In recent decades, Congress has repeatedly crafted laws that weaken or disregard the notion of criminal intent. Today not only are there thousands more criminal laws than before, but it is easier to fall afoul of them.
As a result, what once might have been considered simply a mistake is now sometimes punishable by jail time.
Proving “willful violation” of laws is tough. But a lower threshold of “knowing violation” can be, well, a bit extreme. Here are a couple of examples from the story:
In one case, Gary Hancock of Flagstaff, Ariz., was found guilty in 1999 of violating a federal law prohibiting people with a misdemeanor domestic violence record from gun ownership. At the time of his domestic-violence convictions in the early 1990s, the statute didn’t exist—but later it was applied to him. He hadn’t been told of the new law, and he still owned guns. Mr. Hancock was convicted and sentenced to five years’ probation.
His lawyer, Jane McClellan, says prosecutors “did not have to prove he knew about the law. They only had to prove that he knew he had guns.”
Upholding the conviction, a federal appellate court said that “the requirement of ‘knowing’ conduct refers to knowledge of possession, rather than knowledge of the legal consequences of possession.”
So if you know you’re doing something (duh), and that something is illegal, you “know” you’re “doing something” illegal.
And then there’s
In 1998, Dane A. Yirkovsky, a Cedar Rapids, Iowa, man with an extensive criminal record, was back in school pursuing a high-school diploma and working as a drywall installer. While doing some remodeling work, Mr. Yirkovsky found a .22 caliber bullet underneath a carpet, according to court documents. He put it in a box in his room, the records show.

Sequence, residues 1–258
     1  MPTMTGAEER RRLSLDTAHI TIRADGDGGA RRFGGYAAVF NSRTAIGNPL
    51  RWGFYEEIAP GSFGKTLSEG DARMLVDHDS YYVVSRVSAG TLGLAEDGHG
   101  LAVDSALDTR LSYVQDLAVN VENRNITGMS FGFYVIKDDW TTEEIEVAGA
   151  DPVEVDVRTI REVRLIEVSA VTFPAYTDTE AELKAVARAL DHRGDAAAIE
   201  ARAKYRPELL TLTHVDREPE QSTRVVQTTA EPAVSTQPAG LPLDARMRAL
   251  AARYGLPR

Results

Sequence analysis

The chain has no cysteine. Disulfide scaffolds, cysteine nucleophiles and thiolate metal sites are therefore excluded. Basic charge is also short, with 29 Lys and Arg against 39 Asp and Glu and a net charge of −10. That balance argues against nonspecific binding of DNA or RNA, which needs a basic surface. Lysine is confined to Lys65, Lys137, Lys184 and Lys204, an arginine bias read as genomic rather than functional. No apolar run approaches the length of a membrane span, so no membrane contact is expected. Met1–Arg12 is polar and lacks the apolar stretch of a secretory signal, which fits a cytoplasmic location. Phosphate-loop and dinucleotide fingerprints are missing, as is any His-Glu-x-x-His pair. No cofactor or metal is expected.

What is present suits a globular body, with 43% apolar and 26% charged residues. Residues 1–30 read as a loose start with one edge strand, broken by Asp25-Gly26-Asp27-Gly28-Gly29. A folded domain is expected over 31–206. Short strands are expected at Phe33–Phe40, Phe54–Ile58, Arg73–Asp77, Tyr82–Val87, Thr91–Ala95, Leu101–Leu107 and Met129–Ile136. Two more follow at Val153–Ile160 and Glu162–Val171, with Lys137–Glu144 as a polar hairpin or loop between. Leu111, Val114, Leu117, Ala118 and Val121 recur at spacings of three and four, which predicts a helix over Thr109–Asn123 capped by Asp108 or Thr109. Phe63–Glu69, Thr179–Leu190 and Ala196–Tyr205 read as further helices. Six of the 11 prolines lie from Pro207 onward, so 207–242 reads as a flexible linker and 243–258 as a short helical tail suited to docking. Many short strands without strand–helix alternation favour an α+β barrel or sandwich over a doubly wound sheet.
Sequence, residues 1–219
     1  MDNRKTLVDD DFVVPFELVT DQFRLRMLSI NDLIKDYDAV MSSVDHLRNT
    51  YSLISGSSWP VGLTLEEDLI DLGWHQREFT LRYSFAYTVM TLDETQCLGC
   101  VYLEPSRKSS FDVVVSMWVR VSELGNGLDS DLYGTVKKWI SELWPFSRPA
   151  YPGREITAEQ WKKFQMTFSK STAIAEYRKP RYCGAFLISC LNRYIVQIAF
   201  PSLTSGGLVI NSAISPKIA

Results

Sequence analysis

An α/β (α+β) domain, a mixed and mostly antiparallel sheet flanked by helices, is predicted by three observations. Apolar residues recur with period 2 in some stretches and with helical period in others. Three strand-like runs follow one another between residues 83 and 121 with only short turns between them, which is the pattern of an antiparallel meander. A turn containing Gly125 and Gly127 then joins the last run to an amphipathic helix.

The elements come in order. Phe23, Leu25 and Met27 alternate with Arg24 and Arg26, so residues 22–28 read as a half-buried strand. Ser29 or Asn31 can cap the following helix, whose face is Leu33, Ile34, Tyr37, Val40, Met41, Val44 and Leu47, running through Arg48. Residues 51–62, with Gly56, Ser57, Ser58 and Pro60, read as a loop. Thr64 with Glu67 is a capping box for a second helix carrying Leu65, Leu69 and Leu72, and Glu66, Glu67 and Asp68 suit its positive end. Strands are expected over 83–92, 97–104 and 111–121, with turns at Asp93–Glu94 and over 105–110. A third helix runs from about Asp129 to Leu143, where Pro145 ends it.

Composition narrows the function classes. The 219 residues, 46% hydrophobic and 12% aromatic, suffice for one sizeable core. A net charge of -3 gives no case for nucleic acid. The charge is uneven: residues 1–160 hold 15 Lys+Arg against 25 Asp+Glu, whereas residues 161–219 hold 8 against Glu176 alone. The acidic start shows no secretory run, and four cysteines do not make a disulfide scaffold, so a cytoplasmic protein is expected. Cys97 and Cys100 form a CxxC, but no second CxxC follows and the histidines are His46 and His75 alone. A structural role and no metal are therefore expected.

A few months later, local police found the bullet during a search of his apartment. State officials didn’t charge him with wrongdoing, but federal officials contended that possessing even one bullet violated a federal law prohibiting felons from having firearms.
Mr. Yirkovsky pleaded guilty to having the bullet. He received a congressionally mandated 15-year prison sentence, which a federal appeals court upheld but called “an extreme penalty under the facts as presented to this court.” Mr. Yirkovsky is due to be released in May 2013.
Even though a bullet is not a firearm, this guy knew he had a bullet. And federal prosecutors proved that having a bullet was the same as having a firearm. So the guy “knew” he had a bullet, and therefore was convicted of knowingly committing a crime.
Boom. 15 years.
Clearly, the firearms violations will get highlighted on this site. But the principle applies across the board.